Thus far, local demand and Silicon Valley money has been blamed for the record prices. “The San Francisco Bay Area is so incredibly wealthy now, a lot of people with money are interested in going,” says Chris Leyden, a content analyst at SeatGeek.
Nearly one-third of ticket demand came from California before the championship teams had been determined, according to StubHub. That portion could remain high over the next two weeks due to the number of regional transplants in the Bay Area, Papp says.
Despite a relatively smaller fan base compared with franchises like the Patriots or Seattle Seahawks, Leyden says the second highest demand has come from North Carolina since the Panthers beat the Arizona Cardinals in the NFC Championship Game Sunday night. The team has yet to win a Super Bowl and, Leyden says, its 15-1 record this season has fans thinking that “they’re not just buying a ticket for the Super Bowl, they’re buying a ticket to see the Panthers win the Super Bowl.”
Tickets aren’t the only expense on a Super Bowl price tag. For fans who are making the trip from Denver or Carolina, flight and hotel fares can be a considerable expense. As of Monday, the lowest nonstop round-trip fare for a flight from Denver to San Francisco arriving Saturday, Feb. 6 and departing Monday, Feb. 8 cost about $900, while the lowest flight from Charlotte, N.C., cost about $950. Airlines tend to hike up prices in between the host city and championship teams as soon they’re determined while most other fares that weekend remain the same, says George Hobica, founder of airfare deal website Airfarewatchdog.com.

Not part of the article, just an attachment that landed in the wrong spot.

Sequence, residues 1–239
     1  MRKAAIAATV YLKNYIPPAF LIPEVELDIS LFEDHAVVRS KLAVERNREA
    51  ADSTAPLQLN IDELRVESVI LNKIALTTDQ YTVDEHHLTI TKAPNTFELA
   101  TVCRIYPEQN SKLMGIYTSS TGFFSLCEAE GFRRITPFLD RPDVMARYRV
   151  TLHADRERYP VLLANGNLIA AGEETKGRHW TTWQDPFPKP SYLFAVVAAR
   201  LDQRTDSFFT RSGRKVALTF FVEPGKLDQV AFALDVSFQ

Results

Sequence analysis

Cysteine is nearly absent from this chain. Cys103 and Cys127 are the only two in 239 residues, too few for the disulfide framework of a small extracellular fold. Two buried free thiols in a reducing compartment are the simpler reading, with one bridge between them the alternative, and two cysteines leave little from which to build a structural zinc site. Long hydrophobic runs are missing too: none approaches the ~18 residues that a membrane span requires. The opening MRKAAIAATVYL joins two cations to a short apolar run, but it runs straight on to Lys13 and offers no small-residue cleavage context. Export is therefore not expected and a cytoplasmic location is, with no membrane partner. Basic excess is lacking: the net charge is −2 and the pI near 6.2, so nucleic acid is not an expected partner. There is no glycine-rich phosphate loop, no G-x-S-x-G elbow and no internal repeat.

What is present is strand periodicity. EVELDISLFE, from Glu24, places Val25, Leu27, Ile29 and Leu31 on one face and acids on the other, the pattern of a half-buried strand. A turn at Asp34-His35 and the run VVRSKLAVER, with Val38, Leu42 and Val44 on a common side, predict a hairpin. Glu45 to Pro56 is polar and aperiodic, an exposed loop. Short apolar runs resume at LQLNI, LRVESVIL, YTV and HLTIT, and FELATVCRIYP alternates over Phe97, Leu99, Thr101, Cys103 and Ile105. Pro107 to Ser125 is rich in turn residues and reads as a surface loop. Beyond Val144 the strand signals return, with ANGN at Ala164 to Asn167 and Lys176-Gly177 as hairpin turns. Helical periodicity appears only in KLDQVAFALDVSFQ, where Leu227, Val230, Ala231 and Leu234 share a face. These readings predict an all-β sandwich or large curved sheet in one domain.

Many hotels within a two-mile radius of the stadium don’t have booking availability during Super Bowl weekend, according to a search of HotelGuides, while last week, Airbnb reported a doubling in searches for accommodations in the area for that weekend. On Monday, the average Airbnb listing in Santa Clara for Feb. 6 to Feb. 8 was $612 a night, with some listings as high as $10,000 for the weekend.